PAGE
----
Beginning tonight, novelist Brad Meltzer gets another season — and a bigger budget — to explore the conflicting theories behind history's most perplexing mysteries.
The second season of Brad Meltzer's Decoded begins tonight on History Channel at 10 p.m., featuring the best-selling novelist and a team of experts who research and unravel historical mysteries that have grown into legends.
While the first season was limited to American history, this season looks at global history because the budget for the show has grown.
"In the first season, I wanted to do episodes about Adolf Hitler, but History said, you're an unproven TV show, so we don't have budget to send cast and crew all over Germany," Meltzer told Newsarama. "But now that we're in our second season, we have the budget.
"So for the first time, Decoded is going to Europe, and we get to do Adolf Hitler and the Spear of Destiny," Meltzer said. "We get to do the Vatican. We get to do things that we couldn't afford to tackle during the first season. So Decoded now takes on a global scale."
The comment about the Spear of Destiny may sound familiar to comic book fans, and Meltzer admitted that his love of comics spawned that episode's subject.
"The Spear of Destiny episode is me trying to find out if the Justice Society stories could really exist," said Meltzer, who has written comic titles like Identity Crisis and Justice League of America. "In so many of the old World War II stories from DC, Hitler was going after the Spear of Destiny and the Justice Society was always trying to stop him.
"I always thought the Spear of Destiny comic story was made up, but it has a foot in 100 percent reality," he said. "The Spear was supposedly the one that pierced Christ's side. Constantine wanted it because it supposedly gave him power, and the pope supposedly had it and it gave him power. Whether you believe this thing has magic powers or not, the true fact is that Adolf Hitler wanted it. And if Adolf Hitler wants this thing, I want to know what it is."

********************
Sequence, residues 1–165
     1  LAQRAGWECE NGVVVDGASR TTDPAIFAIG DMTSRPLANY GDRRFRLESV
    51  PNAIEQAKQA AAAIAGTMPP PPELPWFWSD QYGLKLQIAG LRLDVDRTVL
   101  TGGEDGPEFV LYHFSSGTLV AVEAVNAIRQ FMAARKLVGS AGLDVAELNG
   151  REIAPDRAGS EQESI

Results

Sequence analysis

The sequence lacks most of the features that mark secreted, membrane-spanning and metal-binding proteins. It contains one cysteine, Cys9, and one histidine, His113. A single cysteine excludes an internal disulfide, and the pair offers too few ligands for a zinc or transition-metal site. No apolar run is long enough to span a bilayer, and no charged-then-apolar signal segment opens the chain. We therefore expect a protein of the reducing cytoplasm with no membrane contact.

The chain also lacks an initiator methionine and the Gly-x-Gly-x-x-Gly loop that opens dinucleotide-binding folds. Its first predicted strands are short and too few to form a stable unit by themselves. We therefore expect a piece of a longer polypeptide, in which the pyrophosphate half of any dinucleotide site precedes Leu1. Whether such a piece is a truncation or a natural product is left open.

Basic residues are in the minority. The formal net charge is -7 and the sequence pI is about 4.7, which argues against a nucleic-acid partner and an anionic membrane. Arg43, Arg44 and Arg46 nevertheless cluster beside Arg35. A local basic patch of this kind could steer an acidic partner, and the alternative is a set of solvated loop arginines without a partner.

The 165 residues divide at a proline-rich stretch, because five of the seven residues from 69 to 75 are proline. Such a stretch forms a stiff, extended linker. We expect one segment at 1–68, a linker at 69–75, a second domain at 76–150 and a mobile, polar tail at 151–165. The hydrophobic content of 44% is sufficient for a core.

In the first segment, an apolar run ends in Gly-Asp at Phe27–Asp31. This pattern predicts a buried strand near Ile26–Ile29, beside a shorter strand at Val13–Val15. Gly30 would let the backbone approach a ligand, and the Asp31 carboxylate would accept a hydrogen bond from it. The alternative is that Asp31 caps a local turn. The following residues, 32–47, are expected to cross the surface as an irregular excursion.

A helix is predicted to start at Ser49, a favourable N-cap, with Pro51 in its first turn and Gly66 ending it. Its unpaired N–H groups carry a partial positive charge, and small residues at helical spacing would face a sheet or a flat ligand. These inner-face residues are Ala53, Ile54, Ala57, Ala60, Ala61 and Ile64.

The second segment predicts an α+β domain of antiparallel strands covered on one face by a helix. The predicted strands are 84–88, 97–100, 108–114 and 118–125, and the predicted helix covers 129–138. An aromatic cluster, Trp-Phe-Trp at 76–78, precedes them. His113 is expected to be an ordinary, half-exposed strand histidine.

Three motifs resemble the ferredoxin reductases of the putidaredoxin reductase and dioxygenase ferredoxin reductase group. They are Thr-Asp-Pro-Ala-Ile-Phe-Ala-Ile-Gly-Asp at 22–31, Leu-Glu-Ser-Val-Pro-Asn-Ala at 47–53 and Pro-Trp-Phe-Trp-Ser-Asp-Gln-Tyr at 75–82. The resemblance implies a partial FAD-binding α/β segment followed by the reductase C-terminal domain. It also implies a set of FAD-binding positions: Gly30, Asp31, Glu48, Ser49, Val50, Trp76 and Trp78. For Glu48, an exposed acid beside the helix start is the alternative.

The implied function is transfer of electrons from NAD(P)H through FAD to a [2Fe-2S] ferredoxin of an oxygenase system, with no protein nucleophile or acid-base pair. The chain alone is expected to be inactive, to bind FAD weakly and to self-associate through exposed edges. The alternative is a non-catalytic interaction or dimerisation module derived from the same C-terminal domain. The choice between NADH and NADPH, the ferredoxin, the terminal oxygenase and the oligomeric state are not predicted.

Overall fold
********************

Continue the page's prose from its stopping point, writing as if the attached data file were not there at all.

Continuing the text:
This season will also see Meltzer joining his team in the field for an episode -- something viewers haven't seen before.
"Everyone says, 'Brad, why don't you go out in the field?' There are two reasons: One, I physically don't have the time. I'm writing my novels and always trying to find some way to come back in comic books, and I don't have the time to spend a month and travel around Europe," he said. "But the other part of it is that I never want to undercut the team. I don't think I'm going to get anything out of this better than they can. I picked the team because I trust them and I know they're going to do a great job."
But for one of the upcoming shows, there was a personal source that Meltzer wanted to visit himself. "Going in the field made sense because it was someone I had a personal connection with," he said, refusing any further elaboration to keep the surprise for the show.
While it's always fun to follow conspiracy theories about history, Meltzer said one of the things that makes Decoded stand out is that it looks at all sides of a mystery. The author said viewers have responded positively to that approach.
"I never want to go out and yell, 'Freemason!' and the word "consipracy!' and say, 'They're trying to eat your babies!' I never want to be part of a show where we just fear-monger," he said.
"I think what happened in the first season was that, when someone crazy came on the air, we gave that crazy person's point of view, but we also gave the other point of view," he said. "And we even came out and said, 'This looks a little crazy to me, and this person looks a little more believable to me.' But we always put both sides out there for people to hear. And I think people appreciate that trust. What I wanted to do with the show is prove that the scariest story you can ever tell is the true story."